This visual journey begins in the lower right hand corner of the frame, winding up and through the image, finally arriving at the climactic “destination” of intense light on the sandstone butte above.

Think about the visual journey in each of your landscape images, and you’ll be creating pleasers, and forgetting the teasers.

11 Best of 2011 from AdamBarkerPhotography

2011 was a spectacular year on all accounts. Foot upon foot of pow skied, fish from Wyoming to the Bahamas hooked, festivals in the far corners of the earth, ancient pathways crossed–all contributed to what could perhaps be one of my most productive years behind the lens. Cliche as it may be, I can’t help but look back in review and share some of my favorites from the past year.  As always, many thanks to my sponsors: Arc’teryx, Suunto, Mark Miller Subaru, Mountain Khakis, Manfrotto School of Xcellence, Clikelite Backpacks and Singh Ray Filters. Hope you all enjoy, and here’s to an even better 2012! (click on images to view larger versions)

1. Jesse Hall takes a moment to ponder human flight, as he stands inside the hot air balloon from which he’ll subsequently launch himself into gravity’s liberating grasp. Park City, UT.

2. Angler Al Chidester finds himself surrounded by all that is good in this world: fresh air, fall foliage…and fantastic fishing in some of western Wyoming’s most treasured water.

3. Fire and rain over Warm Creek Bay, Lake Powell, UT.

4. Hazy skies make for ethereal and ancient interpretations of East Jerusalem, Israel.

5. First light envelopes Agua Canyon in a glow only Mother Nature could furnish. Bryce Canyon National Park, UT.

6. Ralph Lauren’s Double RL Ranch shows its true colors in crisp early morning light. Dallas Divide, CO.

7. Angler Geoff Mueller admires a healthy bonefish (caught and released) in Abaco Island’s skinniest of water.

8. Calm in the chaos of Hanoi traffic, Vietnam.

9. Bavaria’s finest color smiles upon a lone farmer’s shed in the fields near Garmisch-Partenkirchen, Germany.

10. Skier Drew Stoecklein can, in fact turn right. At just the right time. In just the right place. Alta Backcountry, UT.

11. Angler Geoff Mueller and Oliver White tense up as they ply the waters off Abaco Island for huge permit.

The Better You Know, The More You’ll Go

Sunset over Salt Lake City, UT

How well do you know your surroundings? Your local stomping grounds, so to speak. Do you know what weather is most likely to produce good atmospheric conditions for scenic photography? Do you have locations picked out for just such a morning or evening? If the answer isn’t “yes” to all of the above, consider doing a little bit of homework as you drive to/from work, when you’re out on a hike, or even just walking the dog.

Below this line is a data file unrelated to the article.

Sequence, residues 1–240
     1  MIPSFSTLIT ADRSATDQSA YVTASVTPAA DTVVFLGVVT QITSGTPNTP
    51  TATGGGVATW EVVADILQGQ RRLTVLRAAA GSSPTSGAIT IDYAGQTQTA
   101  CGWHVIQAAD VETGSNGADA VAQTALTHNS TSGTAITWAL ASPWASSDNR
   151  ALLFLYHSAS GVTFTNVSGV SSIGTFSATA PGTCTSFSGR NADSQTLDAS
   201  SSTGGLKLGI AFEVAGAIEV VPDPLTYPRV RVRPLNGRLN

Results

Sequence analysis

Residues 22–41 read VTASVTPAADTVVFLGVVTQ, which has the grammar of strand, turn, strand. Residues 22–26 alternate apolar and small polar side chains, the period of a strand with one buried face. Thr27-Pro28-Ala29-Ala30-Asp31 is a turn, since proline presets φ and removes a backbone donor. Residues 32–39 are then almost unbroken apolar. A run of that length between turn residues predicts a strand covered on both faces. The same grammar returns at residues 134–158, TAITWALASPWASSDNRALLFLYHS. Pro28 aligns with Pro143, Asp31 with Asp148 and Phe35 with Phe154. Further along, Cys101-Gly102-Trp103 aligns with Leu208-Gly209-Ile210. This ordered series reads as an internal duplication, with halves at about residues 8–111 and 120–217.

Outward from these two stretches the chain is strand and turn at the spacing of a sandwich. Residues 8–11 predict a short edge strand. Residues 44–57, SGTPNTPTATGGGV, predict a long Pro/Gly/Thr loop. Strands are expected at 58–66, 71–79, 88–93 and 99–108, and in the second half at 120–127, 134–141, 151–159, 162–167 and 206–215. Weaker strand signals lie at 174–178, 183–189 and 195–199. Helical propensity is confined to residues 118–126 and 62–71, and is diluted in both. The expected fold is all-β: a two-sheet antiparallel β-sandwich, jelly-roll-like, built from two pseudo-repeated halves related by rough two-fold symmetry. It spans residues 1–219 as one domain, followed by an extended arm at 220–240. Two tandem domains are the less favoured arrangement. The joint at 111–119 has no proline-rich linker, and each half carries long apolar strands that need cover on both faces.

Just after helping my wife put the kids to bed last night, I looked outside to see…not much. However, there was a faint atmospheric glow, and I just had that feeling that something inspiring may come to pass. I had seen it before, and most importantly, I knew there was an approaching cold front. Pre-frontal days here in Salt Lake City seem to produce impressive sunsets more often than not.

So I grabbed my Clikelite Escape (already packed mind you!) and headed to a location on the foothills that I had scouted several weeks earlier. I was wearing flip flops. Worth pointing out, as the easier it is, the more likely we are to go get after it. This location was a mere 50 yards from a certain dead end road. Drive. Park. Hike for 30 seconds. Set up tripod. Click shutter. Enjoy nature’s light show. Pack up. Head home.

Pretty cut and dry. Lesson? The better acquainted you are with both your local shooting locations and the local weather nuances, the more likely you are to make a go of capturing some memorable imagery. Keep a mental list. Even better–write stuff down. Carry a little book and keep a list of places that would be good to shoot at sunset, sunrise, in storm light, in spring, in fall, in winter, etc. You’ll not regret it!

Shooting and Waiting

It’s November 19 and temps in the Salt Lake valley are supposed to reach into the mid 60s today. Uhh…hello!? Mama Nature where hast thou gone? I was in full winter mode two weeks ago. Now I’m stuck in the in between. You know what else is stuck in the in between? Everywhere. Everywhere I point my camera it’s a mess of brown, leafless, colorless bleh.

Fog rolls over Salt Lake City's Captiol Building at sunset

Fog rolls over Salt Lake City

Regardless, I have been out a bit trying to shoot more fly fishing. If you haven’t had opportunity to check it out yet, visit www.catchmagazine.net to see inspiring imagery, video and short stories from many of fly fishing’s greats. Be prepared to spend a good 30 min. on this site–it sucks you in. I’m preparing for a winter photo essay I will have in the next issue. That would require…snow. Here’s to an end to high pressure. Let it snow.

Mike Ruzek fly fishing at sunrise on the Middle Provo River

Mike Ruzek fly fishing at sunrise on the Middle Provo River